Flooking brilliant

This post is about secrets, puzzles, treasure, and maps*

Everyone loves a treasure hunt don’t they? For those of us growing up in Bedfordshire the story of the hunt for the Golden Hare seeped into our imaginations – a treasure hunt told through a childrens book, Masquerade by Kit Williams, with the golden prize found in Ampthill, a sleepy Bedfordshire market town. It was before my time (being published the year I was born) but the mythology surrounding it intrigued me, and still stories about the hunt surface from time to time in the national press.

There may not be golden hares buried in our towns but our iphones can reveal the hidden worlds around us.

Geocaching caught my attention a few years back. These high tech treasure hunts involve romping through places to find hidden caches which contain a mini log book and sometimes some treats to swap. You need a GPS device to find them, and when you turn on that GPS device you will be amazed to find that geocaches are all around you, some easier to find than others. Lucky for us an iphone can do the job well. There is such potential for tourist boards, country parks, schools and communities to make use of them.

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Two other digital mapping applications are worthy of a look. Flook and audioboo (complementary in my view). Flook describes itself as a location browser. It encourages users to post the kind of local secret knowledge that you won’t find in the tourist information office. Audioboos allow you to attach sounds to spaces and places, or stories of course. Both allow you to attach digital data (audio clips or photographs and text) to a geographical area. Others walking through with the same application can find your information. I’ve screen-grabbed a couple of my flooks for you and inserted them above. You can also see my card stream here

So what does this mean? WHAT DOES THIS MEAN? Oh dear reader, this means that we, the people can map our spaces and places in any way we like – we can share secrets, spread our local info, allow visitors to our towns to go “off piste”. It is a democratization of mapping, no less. We can create business for our local businesses, the ones who really do make the best coffee in town, we can show the sides of our towns that we are really proud of, or that intrigue us, or make us laugh. We can talk about spaces places or things with others who share our space. Things that maybe only a few people know. It is the way that people will navigate their way through new locales in the future. Local knowledge made global.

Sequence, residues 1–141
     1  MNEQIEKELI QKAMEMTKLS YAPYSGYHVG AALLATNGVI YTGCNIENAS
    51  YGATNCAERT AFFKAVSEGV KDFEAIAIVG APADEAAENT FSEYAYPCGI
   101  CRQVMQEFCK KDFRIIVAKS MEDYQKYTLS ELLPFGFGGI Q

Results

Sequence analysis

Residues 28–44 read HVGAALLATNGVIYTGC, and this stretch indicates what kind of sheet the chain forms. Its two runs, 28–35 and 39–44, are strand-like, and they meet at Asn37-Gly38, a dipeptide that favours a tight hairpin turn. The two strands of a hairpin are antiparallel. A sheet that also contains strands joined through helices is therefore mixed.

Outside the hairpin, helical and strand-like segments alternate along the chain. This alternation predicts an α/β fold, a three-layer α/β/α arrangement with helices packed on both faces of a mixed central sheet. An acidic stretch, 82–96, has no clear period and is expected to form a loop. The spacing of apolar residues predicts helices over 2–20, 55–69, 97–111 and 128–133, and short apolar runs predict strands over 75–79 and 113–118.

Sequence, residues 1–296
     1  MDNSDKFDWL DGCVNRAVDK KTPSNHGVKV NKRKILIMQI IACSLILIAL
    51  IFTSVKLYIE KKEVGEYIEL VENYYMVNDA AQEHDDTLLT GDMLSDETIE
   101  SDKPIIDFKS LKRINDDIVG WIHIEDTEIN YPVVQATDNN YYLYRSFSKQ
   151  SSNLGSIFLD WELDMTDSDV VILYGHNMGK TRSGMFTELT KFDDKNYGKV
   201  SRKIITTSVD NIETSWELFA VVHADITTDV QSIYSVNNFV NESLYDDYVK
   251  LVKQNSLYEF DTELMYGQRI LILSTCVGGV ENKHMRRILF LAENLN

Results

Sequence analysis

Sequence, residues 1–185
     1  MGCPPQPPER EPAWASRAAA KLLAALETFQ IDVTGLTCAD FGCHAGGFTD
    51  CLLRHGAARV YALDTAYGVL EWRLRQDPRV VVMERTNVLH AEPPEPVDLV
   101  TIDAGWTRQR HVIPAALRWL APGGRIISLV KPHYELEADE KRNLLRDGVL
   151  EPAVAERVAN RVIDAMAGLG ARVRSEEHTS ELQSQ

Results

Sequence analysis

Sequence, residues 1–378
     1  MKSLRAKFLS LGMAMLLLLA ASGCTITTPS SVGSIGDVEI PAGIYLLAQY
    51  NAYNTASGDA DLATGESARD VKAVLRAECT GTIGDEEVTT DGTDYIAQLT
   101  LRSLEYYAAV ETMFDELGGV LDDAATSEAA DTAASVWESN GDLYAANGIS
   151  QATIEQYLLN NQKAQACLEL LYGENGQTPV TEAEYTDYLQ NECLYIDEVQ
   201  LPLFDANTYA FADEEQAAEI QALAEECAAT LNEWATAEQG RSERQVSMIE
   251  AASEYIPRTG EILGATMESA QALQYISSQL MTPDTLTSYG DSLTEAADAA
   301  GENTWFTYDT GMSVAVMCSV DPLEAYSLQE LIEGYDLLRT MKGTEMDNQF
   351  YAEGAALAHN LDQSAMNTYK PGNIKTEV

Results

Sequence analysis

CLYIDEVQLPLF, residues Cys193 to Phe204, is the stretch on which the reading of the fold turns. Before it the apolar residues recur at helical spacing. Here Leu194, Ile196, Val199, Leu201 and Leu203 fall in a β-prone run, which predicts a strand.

This excites me beyond measure, BUT there is a catch. I am writing this on my shiny apple mac and access flook & audioboo on my iphone. I wish I could claim that these things were as a result of my cutting edge technological coolness but alas they are not. I simply happen to have them. Others simply don’t. If we decide to harness these incredible tools we need to think about those who have the knowledge but may not have the gadget.

I am organising a ‘Hidden Bedford’ day soon. An informal gathering of people with and without iphones. I hope to gather around an actual map (made of actual paper) and ask people to think about their favourite places in the centre of our town. Patterns will emerge on that map – routes will suggest themselves, and I hope, we can match up those with the technology and those with the stories to tell. And then we go for a stroll, mapping it as we go. We will need each other. We will learn stuff. We will own our town just a little bit more.

If you would like to come, let me know.

* I have also posted this entry on my other blog so apologies to any readers of both!


About goodthingsltd

I am a facilitator, a creative agent, and a supporter of innovation in organizations. I am interested in the use of metaphor, storytelling and corporate folklore.
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